13. #13
    SitePoint Guru aamonkey's Avatar
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    Quote Originally Posted by Jake Arkinstall View Post
    Whilst I am a PDO user myself, I have to point out that MySQLi and PDO have negligible development time differences in a system where a change of database isn't going to happen.
    I was referring mainly to writing code that implements either library - IMO mysqli is incredibly clunky, and binding parameters is a nightmare. To me PDO's syntax and methods are far easier to use and have saved me very significant amounts of time since switching over. As a side note, I have never used any DBMS other than mysql and have no plans to.
    aaron-fisher.com - PHP articles and more

  14. #14
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    Well , i just like named parameters and features that spawn from that.

  15. #15
    Theoretical Physics Student bronze trophy Jake Arkinstall's Avatar
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    Quote Originally Posted by cheesedude View Post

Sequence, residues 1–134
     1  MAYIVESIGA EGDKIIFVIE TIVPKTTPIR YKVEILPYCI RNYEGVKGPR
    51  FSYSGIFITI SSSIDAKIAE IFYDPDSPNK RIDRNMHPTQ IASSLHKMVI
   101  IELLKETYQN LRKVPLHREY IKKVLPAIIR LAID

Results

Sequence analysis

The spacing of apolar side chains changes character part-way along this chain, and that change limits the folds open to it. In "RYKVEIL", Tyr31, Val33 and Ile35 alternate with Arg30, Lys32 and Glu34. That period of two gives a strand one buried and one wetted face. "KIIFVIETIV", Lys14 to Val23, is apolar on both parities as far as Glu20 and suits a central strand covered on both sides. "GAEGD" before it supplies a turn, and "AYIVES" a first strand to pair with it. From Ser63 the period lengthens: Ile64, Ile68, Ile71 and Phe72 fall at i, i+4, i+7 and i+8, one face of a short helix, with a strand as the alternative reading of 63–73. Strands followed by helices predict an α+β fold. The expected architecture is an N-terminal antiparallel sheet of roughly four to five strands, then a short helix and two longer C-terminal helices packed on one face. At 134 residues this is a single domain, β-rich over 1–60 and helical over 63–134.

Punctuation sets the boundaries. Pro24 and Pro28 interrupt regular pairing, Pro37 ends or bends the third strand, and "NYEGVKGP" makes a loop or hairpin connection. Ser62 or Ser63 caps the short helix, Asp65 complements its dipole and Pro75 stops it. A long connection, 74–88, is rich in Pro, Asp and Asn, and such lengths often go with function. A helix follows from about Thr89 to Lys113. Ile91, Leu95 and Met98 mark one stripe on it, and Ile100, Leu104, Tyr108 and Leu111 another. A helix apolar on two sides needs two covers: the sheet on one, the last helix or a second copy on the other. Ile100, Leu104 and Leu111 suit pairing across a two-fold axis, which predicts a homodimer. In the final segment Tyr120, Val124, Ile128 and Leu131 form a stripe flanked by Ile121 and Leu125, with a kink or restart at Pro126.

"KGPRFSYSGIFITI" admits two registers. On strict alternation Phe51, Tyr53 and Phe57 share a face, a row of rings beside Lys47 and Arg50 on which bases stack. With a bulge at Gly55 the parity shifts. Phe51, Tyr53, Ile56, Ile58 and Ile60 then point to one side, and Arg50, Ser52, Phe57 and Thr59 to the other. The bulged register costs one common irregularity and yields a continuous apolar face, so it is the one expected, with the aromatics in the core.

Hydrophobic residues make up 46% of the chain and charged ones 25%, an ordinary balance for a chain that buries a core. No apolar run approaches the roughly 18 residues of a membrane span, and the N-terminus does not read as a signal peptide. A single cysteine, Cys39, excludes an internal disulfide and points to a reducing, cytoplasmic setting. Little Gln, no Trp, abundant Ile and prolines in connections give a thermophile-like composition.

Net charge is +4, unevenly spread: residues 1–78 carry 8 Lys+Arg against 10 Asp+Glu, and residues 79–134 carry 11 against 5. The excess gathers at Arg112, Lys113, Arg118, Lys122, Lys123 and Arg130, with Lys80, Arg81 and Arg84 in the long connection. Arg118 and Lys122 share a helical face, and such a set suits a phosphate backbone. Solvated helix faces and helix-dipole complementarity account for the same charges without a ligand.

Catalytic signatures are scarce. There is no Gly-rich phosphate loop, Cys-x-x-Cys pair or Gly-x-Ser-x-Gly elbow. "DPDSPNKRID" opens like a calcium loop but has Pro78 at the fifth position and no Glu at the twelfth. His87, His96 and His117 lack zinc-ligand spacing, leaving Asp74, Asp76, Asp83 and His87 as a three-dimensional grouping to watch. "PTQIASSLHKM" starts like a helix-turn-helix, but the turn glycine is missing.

My impression is that PDO is more hassle than it is worth.
    Certainly not. PDO is useful if, for example, you're building a framework or website which is designed to be used by many different developers on many different servers - using different databases. This isn't applicable to everyone but is certainly a consideration for anyone wanting to create a usable framework.

    The query strings do change from database system to database system, but they can be generated from the application itself based on the database system they're using. The problem with MySQLi is that you can only use MySQL, which is an overall limitation - one that many people can cope with, but it is a limitation none-the-less.

    This debate is similar in essence to the typical 'Singleton Registry vs Dependancy Injection' debate in the PHP Application Design forums. The singleton registry is easy to access - but it has limitations in that you can't channel different dependencies to different parts of an application, for example (hence the name singleton). Dependancy Injection allows for greater flexibility and you can fork out sub-applications and delegate a bit better, but Singleton supporters still claim that those benefits are unnecessary.